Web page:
The one possible exception to this is Charter, whose cable networks rather than sterling service and extensive advertising give it near-monopoly access to customers.  Here again, however, the ability to gradually write off the cost of constructing those networks through depreciation argues that the balance sheet severely understates their true worth.

The formula, in brief:  the “hidden” value of extensive well-staffed distribution networks plus iconic brands built through extensive spending on advertising and promotion.

limitations

The obvious limitations of this approach are:  that while novel in the 1950s, the whole world has since adopted Buffett’s once-pioneering approach; this would be great if there were no internet undermining the value of traditional brand names and distribution networks.

In other words, a software-driven, internet-based firm like AMZN seems to me to be the last thing that would ever be on the Buffett radar.  It also seems to me that taking AMZN seriously would mean rethinking the the whole Buffett investment approach–not the valuation discipline, but the idea of the value of traditional intangibles–and recasting it in a much techier way.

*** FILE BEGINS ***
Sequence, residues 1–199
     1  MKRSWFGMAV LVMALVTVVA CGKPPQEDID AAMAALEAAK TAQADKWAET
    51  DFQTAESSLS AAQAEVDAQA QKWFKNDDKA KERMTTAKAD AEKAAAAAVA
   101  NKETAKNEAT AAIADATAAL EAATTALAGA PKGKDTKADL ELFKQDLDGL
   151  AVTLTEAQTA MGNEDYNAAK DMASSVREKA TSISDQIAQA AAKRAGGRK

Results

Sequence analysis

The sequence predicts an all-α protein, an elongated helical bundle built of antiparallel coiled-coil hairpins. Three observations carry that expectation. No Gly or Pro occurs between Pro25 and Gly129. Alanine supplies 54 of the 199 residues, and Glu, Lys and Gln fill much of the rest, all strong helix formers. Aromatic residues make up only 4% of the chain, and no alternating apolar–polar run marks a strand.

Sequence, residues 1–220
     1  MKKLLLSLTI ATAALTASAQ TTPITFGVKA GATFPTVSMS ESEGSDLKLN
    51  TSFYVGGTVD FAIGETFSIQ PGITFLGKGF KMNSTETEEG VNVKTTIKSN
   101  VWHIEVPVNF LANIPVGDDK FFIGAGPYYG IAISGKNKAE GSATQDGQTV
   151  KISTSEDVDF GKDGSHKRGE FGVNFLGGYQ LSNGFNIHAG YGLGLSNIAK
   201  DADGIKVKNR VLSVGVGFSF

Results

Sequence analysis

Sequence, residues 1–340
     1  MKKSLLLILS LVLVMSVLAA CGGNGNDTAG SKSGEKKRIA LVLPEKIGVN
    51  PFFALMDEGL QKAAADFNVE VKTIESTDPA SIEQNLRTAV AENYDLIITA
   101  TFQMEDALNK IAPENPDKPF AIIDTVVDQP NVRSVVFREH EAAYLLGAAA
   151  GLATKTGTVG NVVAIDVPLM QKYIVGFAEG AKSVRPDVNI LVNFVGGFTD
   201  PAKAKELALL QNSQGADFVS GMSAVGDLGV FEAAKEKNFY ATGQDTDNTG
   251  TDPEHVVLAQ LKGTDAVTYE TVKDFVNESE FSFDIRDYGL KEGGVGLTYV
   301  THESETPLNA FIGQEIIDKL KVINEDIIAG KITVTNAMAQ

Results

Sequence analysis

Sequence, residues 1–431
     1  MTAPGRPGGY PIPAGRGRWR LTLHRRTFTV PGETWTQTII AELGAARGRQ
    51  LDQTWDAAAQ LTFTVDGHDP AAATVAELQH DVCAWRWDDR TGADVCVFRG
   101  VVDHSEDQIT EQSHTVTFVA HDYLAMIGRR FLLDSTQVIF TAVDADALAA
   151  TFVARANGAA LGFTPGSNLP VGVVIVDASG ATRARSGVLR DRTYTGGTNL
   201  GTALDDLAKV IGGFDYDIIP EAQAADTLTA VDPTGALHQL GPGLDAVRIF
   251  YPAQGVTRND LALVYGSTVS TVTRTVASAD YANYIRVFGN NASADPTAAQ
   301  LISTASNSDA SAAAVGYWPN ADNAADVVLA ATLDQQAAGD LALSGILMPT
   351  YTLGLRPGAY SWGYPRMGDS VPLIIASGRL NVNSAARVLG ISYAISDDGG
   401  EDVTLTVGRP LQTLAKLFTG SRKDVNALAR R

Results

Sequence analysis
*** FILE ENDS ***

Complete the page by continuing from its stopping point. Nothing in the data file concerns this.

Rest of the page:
why not adapt?

Why not do so anyway, instead of kind of limping to the finish line?

Maybe it’s because that doing so would attack the heart of the intangible brand value of Berkshire Hathaway itself–and that attack would come not just from a nobody but from the brand’s most credible spokesperson, the Sage of Omaha himself.

 

Warren Buffett selling Wal-Mart (WMT)

Investment companies are required to file lists of their holdings with the SEC at the end of each quarter.  The latest such 13-F form for Berkshire Hathaway shows a buildup in Apple and airlines   …and the sale of virtually all of Buffett’s long-term holding in WMT.

WMT as icon

A powerhouse in the 1970s and 1980s, WMT has been a bad stock for a long time.  It had a moment in the sun during the market meltdown from mid-2007 through early 2009, when it rose by about 1% while the S&P 500 was almost cut in half.  Since the bottom, however, WMT has gained 40% while the S&P is up by 219%.